According classical mythology, the Giants killed by Hercules in a fierce battle, are buried on the island under imposing blocks of mykonian granite. It is even said that the large rocks all over the island are the petrified testicles (or, in bowdlerized versions of the myth, the entire corpses) of the giants; this portion of the myth is the source of the slang term "stones" attested in most major European languages.
The Kares and Phoenicians may have been the first inhabitants of Mykonos, but Ionians from Athens were established colonists and in control of the island by around 1000 B.C, having expelled the previous occupants. Historical sources confirm the following: in ancient times there were two towns on the island; in 490B.C, the Persian generals Datis and Artaphernes made a brief stopover in Mykonos; It was a poor island with limited agricultural resources. In ancient, pantheistic times, Dionysos, Demetra, Zeus, Appolon, Poseidon and Heracles were the principle gods worshiped here. Later in history the island belonged to the Romans and subsequently to the Byzantines, who have fortified the island against the Arab raids of the 7th century, kept control of it until the 12th century.
After the fall of Constantinople, at the end of the 4th Crusade (1204), the island was occupied, as their seigneur (stronghold) by Andrea and Jeremia Ghisi – relatives of Dandolo, the Doge of Venice. In 1292 it was looted and pillage by the Catalans, and, subsequently, in 1390, given over to the Venetians, in 1390, by the last of the Ghizi overlord. In 1537, while still under Venetian domination, the island suffered a catastrophic attack by Barbarossa, the admiral of Souleiman the Magnificent. Later, under Kapudan Pasha, the head of the Ottoman fleet the island is practically self-governed, according to the system of the period, by a functionary called a “voivode” and a council (body of “syndics”) who always tried to maintain an equal distance from both Turks and Venetians (the last of whom withdrew definitively from the region, in 1718, after the fall of the castle of Tinos to the Ottomans).
The popular of the Mykonos (which during modern times has fluctuated, generally from 2000 to 5000 people) was increased by colonies of immigrants (from nearby island and as well as from Crete) during time of starvation and epidemics which often followed the periods of conflict, until the late 18th century.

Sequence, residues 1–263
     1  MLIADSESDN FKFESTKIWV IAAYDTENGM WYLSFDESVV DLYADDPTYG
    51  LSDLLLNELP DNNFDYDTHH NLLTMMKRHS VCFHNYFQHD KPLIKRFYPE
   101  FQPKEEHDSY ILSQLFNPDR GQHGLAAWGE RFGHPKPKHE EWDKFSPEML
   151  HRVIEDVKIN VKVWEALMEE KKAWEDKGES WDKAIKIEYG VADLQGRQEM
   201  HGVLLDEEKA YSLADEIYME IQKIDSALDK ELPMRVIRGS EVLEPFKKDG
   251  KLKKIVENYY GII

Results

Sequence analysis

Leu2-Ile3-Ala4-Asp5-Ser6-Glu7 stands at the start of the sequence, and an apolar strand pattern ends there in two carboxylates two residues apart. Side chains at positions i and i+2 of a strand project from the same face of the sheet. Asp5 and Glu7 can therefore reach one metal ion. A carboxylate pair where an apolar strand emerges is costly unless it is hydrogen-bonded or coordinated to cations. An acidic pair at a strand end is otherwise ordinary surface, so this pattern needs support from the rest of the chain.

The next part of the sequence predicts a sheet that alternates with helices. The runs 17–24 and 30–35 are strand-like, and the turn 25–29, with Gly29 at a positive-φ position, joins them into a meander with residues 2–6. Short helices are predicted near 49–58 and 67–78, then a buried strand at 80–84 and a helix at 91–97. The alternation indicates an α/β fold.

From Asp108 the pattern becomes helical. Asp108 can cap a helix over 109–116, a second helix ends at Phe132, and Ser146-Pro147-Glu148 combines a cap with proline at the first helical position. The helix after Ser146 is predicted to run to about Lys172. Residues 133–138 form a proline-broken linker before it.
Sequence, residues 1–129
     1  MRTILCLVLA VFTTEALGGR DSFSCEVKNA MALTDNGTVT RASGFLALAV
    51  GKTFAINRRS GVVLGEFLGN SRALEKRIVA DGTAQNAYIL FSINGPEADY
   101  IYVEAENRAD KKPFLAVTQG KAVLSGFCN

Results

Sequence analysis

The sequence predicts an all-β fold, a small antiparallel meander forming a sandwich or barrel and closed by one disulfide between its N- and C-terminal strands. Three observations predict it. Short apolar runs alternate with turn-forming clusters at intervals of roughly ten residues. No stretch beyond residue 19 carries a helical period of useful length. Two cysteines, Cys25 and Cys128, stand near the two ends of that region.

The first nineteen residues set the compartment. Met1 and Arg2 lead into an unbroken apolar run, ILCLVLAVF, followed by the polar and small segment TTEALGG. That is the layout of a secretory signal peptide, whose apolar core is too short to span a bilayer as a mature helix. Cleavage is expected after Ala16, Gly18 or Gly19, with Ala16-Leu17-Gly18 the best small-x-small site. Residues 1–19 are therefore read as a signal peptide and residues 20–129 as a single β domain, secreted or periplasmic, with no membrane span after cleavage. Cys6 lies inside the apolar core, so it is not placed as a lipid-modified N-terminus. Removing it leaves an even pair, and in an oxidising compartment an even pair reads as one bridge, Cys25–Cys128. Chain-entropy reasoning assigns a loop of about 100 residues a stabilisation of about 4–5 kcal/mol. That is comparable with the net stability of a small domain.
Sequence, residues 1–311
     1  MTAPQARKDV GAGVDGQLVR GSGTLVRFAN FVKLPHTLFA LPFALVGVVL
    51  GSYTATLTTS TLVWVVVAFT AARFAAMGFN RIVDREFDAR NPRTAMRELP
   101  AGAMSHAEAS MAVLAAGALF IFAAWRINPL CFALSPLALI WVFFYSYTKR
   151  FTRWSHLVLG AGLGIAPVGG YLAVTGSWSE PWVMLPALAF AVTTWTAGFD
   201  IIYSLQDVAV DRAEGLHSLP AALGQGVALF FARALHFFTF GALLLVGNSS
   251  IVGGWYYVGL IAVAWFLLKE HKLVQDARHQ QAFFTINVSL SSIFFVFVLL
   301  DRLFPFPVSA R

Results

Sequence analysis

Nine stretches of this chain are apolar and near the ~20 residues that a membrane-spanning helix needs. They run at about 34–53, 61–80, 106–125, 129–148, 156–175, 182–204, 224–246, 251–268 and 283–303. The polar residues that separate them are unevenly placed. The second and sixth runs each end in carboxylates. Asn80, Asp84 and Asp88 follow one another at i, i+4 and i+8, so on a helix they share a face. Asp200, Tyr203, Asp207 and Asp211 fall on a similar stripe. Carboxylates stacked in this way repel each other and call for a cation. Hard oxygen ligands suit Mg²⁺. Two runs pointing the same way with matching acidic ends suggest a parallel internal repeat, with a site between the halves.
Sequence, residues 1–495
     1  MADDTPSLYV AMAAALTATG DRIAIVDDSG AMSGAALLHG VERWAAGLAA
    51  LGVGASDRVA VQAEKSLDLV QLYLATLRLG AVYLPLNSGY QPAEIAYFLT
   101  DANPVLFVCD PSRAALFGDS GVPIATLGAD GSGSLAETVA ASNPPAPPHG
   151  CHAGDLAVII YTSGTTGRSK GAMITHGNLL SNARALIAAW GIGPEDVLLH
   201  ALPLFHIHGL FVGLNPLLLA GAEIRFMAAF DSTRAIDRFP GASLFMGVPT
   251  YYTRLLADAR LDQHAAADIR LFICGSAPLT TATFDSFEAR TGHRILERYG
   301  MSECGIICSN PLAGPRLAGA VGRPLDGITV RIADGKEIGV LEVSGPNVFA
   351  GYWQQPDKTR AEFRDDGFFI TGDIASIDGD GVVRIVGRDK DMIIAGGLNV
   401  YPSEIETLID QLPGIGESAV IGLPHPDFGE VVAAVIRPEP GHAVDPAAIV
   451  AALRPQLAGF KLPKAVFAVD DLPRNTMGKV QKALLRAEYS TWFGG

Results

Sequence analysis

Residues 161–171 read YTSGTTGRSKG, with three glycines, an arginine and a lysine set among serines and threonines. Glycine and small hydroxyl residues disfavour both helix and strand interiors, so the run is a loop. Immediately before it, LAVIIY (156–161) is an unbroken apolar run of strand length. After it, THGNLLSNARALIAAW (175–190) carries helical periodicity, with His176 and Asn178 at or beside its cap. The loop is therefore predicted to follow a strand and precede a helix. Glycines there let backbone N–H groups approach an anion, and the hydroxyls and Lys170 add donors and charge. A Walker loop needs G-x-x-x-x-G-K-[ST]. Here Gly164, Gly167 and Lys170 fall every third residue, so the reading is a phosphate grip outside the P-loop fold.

The Mykonos, who throughout the same period were known as excellent sailors, were successful in trade and shipping and, also, piracy was not unheard of… Many islanders were active in the “Orlof Insurrection” ( led by the Orloff brothers, 1770-74), which resulted favorably, for them as well as for Catherine the Great in, due to the very profitable treaties concerning trade between the Ottomans and the Russian Empire.
Soon after the out break the Greek Revolution 1821, the Mykonians, roused and led by the lady Mando Mavrogenous (an- aristocrat educated with the most fervent ideas of the Enlightment- who become a popular nation heroine) successfully impeded a landing of a squadron of the Ottoman fleet in 1822. They participated actively in the war , with four armed ships (two of the totally outfitted and supplied at Lady Mando’s expenses ; before the war over she had spend almost all of her , considerable, family fortune).
After the establishment of the modern Greek State, the activity of the local upper- and lower- middle class revived the island economy through the consolidate of trade relations with south Russia, Moldavia and Walachia. Mykonian merchants were established in Constantinople, Smyrna, Alexandria, Syros, Livorno and Marseilles. The predominance of stream technology over the traditional commerce of the sailing ships, at the end of the 19th century, the subsequent opening of the Corinth Canal (1904) and the upheavals of World War I resulted in a depression of the local economy; many Myconians left to find work abroad (mainly in US) and in the going centers of mainland Greece (Piraeus, Athens). The development of tourism in the following decades has provided a means of the islands’ economy development.
The prolonged excavations of the French School of Archeology, begun in Delas in 1873, focused attention on the region- at least that the happy few who, attracted by the charm of classical Greece, had the means and the opportunity to travel.
In the early 30s already, many famous artists, politicians and wealthy people, mainly from Europe, began spending vacation on the island, attracted by its unique atmosphere. Mykonos has adapted well to the post-war situation and the gradual growth of the tourism industry in south Europe: the island has turned into a cosmopolitan locale and is one of the most successful growth – models, of its type and scale in Europe.